"Victor Hugo's tale of injustice, heroism and love follows the fortunes of Jean Valjean, an escaped convict determined to put his criminal past behind him. But his attempts to become a respected member of the community are constantly put under threat: by his own conscience, when, owing to a case of mistaken identity, another man is arrested in his place; and by the relentless investigations of the dogged Inspector Javert. It is not simply for himself that Valjean must stay free, however, for he has sworn to protect the baby daughter of Fantine, driven to prostitution by poverty."

Knowing that Les Miserables is my favourite musical, Daniel and Jasmine bought me this beautiful edition at Christmas. I'll admit, I was a little daunted at first, it's a huge novel which consists of five volumes which are divided up into forty eight books and three hundred and sixty five chapters. I've been reading it alongside the other books I've already read this year and have finally finished it this month. I can honestly say that I loved every minute I've spent reading it and I'm really sad that it's finished.

The author does veer off on lots of tangents, I'm now enlightened on everything from French political history to the workings of the Parisian sewer system, but the main story which I know and love from the musical is carried throughout the book. It's a book I'd definitely read again and one I'd heartily recommend. 

We had a day at the coast. This time we chose Fraisthorpe which is just south of Bridlington. It was a hot day and the benefit of Fraisthorpe is that you're able to park the car right at the side of the beach so there's not much walking involved to get onto the sand. Archie's getting old now so we have to consider his capabilities, especially in the heat we've had. Afterwards, we drove further along the coast to Hornsea where we shared a bag of chips, Archie too!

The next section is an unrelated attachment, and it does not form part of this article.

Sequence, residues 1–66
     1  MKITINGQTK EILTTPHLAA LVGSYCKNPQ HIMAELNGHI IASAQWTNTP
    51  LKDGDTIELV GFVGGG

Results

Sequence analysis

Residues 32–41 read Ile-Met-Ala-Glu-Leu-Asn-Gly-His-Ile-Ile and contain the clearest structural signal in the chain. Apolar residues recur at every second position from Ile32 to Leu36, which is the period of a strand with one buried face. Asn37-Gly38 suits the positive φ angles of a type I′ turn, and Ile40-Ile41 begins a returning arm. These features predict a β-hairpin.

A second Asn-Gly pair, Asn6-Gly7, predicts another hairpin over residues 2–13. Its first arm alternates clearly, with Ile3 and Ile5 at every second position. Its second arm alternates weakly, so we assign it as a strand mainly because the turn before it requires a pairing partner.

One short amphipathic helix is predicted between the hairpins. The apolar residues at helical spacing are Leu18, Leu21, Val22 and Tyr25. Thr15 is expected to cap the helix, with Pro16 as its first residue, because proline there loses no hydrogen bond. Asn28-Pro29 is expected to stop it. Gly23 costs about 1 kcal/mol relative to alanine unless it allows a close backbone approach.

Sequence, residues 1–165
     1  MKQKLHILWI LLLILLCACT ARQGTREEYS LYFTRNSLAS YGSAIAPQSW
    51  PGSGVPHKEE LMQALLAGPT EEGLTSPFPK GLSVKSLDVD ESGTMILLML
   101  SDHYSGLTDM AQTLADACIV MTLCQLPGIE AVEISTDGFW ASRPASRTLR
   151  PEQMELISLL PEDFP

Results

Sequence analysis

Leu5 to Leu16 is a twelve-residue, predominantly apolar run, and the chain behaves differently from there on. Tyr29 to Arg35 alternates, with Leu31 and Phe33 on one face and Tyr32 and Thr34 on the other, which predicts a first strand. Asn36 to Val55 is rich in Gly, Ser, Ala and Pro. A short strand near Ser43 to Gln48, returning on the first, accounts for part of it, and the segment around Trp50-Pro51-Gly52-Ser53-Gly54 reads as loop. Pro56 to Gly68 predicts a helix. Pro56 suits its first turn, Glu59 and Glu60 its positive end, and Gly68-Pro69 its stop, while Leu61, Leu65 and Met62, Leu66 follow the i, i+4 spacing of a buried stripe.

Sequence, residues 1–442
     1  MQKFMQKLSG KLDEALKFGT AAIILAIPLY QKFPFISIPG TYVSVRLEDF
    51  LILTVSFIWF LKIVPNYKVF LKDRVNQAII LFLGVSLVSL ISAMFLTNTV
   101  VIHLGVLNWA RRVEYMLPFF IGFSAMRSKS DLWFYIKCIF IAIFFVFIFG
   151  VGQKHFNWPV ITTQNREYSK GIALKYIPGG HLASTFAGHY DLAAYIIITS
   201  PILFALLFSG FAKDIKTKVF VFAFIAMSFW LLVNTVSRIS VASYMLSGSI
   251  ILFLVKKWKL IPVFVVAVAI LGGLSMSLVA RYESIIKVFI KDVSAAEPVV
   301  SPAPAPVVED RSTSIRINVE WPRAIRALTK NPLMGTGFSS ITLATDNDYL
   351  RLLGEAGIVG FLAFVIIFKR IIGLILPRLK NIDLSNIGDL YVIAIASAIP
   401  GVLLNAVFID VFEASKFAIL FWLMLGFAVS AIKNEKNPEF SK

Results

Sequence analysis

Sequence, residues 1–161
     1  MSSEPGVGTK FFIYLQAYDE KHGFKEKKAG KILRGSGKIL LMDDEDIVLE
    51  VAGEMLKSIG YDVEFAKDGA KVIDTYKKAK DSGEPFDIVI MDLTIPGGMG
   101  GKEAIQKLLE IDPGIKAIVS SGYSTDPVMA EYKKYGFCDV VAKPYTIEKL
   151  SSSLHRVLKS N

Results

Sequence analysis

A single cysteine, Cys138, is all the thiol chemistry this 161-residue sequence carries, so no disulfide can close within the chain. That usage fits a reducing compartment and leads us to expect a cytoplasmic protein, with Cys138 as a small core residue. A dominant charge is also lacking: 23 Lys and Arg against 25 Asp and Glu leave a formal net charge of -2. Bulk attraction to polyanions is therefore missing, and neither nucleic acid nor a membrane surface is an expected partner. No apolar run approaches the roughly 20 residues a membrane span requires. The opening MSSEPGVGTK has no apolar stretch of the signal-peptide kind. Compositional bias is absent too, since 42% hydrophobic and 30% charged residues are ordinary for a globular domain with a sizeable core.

You will have seen in my last post that I finished my Happy Scrappy Blanket. I could have made it bigger than the 14 X 10 squares that it measures as I've got lots and lots of scraps and mini skeins left, but it's quite heavy already. Being knit in 4 Ply or fingering weight yarn, I think adding too many squares and increasing the weight will just pull it out of shape. So, I've been looking through my stash and pulling out more yarn to embark on scrappy blanket number two, or number three if you count the Scrappy Dog Blanket that I made.

We haven't got much planned for July but with our wedding anniversary and Eleanor's birthday on the horizon, we're sure to have a couple of celebrations if not much else. Let's hope the fine weather continues so that we're able to spend lots of time outdoors.

Wednesday 21 June 2023

Happy Scrappy Blanket

This scrappy blanket was started back in 2018. It's been picked up and put back down again many times since then but I've thoroughly enjoyed the times when I have been working on it.

It's made up entirely of hand dyed yarn. There's leftovers from other projects I've made, mini skeins I've bought, mini skeins from the advent calendars I've purchased at Christmastime and yarn I've swapped. There's one hundred and forty squares in total, ten by fourteen, which makes it a nice sized lap blanket.

I followed the Coziest Memory pattern by Kemper Ray for the squares. It's a free pattern on Ravelry. I've arranged the squares so that the mitre ridge running through the centre of each square radiates out from the centre of the blanket. The pattern of the ridges is something to consider right at the start of the project as it will affect the way that stitches are picked up for each square. I know many people who haven't given it a thought and then discovered that the ridges go off in all sorts of directions. 

The pattern I used doesn't mention the edges of the blanket but I decided to add an I-cord border, I think it just finishes it off.

It's nice to get a long term project off the needles but I'm feeling a little bereft now, I can see me casting on another in the not too distant future. Just look at all those colours, I think I shall call it my Happy Scrappy Blanket.

Tuesday 13 June 2023

Evening Walks